Mattering: Serving The Whole Student In Online Learning Communities

  • Graziella McCarron George Mason University

Abstract

Location: JC Room C

Nancy Schlossberg (1989) introduced the concepts of marginality and mattering as a way to get educators thinking about HOW we involve students on campus, make them feel included, and share with them the capacity for building community and growing as learners. Given the anonymity and social/personal distance that often comes with online coursework, making students feel as though they matter and that they are seen as whole people is critical. As such, adopting a holistic student development model that focuses on the cognitive, interpersonal, and intrapersonal dimensions of our students serves as a blueprint for engagement and community-building. I strive each day to connect students to the content through cognitive approaches, to each other and to me through interpersonal practices and engagement, and to themselves via self-understanding. I believe that students can sense an instructor's care for them and their learning even over the digital divide. In this workshop I aim to engage with participants on core elements of the cognitive, interpersonal, and intrapersonal "whole student" dimensions. Specific examples/curriculum strategies of each dimension that will be discussed are the following:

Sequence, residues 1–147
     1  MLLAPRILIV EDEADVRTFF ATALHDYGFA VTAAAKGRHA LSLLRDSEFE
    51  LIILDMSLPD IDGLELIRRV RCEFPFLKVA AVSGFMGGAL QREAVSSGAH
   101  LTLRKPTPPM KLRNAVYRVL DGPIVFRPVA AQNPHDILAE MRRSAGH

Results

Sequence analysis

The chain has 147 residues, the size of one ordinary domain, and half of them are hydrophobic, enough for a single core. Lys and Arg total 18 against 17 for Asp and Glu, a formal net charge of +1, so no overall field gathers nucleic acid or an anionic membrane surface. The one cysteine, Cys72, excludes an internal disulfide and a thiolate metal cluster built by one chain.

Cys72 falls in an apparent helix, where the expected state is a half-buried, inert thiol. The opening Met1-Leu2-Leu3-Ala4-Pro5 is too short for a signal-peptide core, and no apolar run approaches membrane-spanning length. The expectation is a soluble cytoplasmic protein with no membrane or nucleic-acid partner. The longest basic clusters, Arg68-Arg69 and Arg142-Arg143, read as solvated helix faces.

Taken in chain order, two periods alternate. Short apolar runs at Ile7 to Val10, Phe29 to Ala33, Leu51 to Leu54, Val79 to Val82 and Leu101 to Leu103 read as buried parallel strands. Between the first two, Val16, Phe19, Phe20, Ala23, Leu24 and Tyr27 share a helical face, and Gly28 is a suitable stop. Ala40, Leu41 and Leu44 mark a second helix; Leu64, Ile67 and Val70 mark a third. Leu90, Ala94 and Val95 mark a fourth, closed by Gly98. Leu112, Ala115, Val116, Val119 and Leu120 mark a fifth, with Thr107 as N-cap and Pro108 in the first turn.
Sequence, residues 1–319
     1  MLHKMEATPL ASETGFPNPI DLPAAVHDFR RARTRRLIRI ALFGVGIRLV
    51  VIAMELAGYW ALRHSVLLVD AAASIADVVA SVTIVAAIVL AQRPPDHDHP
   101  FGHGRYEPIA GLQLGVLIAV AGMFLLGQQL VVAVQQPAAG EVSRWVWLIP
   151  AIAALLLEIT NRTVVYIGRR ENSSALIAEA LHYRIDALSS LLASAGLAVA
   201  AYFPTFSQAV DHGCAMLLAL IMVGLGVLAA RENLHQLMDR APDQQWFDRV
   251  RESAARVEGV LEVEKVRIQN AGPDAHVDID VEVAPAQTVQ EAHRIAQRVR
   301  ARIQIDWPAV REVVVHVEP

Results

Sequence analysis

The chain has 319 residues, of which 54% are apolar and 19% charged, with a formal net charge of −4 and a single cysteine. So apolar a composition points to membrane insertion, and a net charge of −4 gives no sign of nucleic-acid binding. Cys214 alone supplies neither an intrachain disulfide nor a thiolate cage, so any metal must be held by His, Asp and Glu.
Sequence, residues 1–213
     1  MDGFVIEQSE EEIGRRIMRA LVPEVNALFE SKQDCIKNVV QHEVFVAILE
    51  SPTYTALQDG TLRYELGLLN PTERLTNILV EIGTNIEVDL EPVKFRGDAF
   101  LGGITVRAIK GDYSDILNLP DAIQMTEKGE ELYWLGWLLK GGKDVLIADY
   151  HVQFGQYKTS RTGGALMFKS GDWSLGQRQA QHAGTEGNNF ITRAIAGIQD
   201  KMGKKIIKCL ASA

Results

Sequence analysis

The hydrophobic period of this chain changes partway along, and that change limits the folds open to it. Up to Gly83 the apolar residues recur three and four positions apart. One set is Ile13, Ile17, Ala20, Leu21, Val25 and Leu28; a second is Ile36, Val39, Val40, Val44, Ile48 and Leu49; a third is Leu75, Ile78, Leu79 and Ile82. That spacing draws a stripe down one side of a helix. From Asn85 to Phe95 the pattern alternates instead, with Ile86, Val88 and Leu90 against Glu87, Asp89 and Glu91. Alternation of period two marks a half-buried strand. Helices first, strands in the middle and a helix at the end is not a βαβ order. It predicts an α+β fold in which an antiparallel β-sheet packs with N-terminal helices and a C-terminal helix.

Cognitive: Students as collaborators and feedback partners

Interpersonal: Community-building practices and mentoring/connection Intrapersonal: self-reflection and understanding self

Author Biography

Graziella McCarron, George Mason University

**2018 University Teaching Excellence Award Winner**

Dr. Graziella McCarron's work has been in the Leadership Studies program at the School of Integrative Studies focusing on courses in ethics and leadership and leading change. A significant part of her role has included designing, deploying, and evaluating the online curriculum for Leadership Studies.

Published
2019-08-01
Section
1:00pm-2:30pm Workshops